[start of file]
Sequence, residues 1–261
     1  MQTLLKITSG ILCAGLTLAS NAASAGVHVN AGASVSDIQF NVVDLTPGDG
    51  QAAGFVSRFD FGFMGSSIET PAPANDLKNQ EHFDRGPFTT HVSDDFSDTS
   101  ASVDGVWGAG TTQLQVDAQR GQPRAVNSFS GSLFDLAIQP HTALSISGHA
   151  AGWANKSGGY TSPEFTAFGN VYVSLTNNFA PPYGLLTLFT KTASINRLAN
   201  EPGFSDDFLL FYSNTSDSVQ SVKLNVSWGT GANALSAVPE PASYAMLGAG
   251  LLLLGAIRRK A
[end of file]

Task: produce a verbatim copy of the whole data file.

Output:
Sequence, residues 1–261
     1  MQTLLKITSG ILCAGLTLAS NAASAGVHVN AGASVSDIQF NVVDLTPGDG
    51  QAAGFVSRFD FGFMGSSIET PAPANDLKNQ EHFDRGPFTT HVSDDFSDTS
   101  ASVDGVWGAG TTQLQVDAQR GQPRAVNSFS GSLFDLAIQP HTALSISGHA
   151  AGWANKSGGY TSPEFTAFGN VYVSLTNNFA PPYGLLTLFT KTASINRLAN
   201  EPGFSDDFLL FYSNTSDSVQ SVKLNVSWGT GANALSAVPE PASYAMLGAG
   251  LLLLGAIRRK A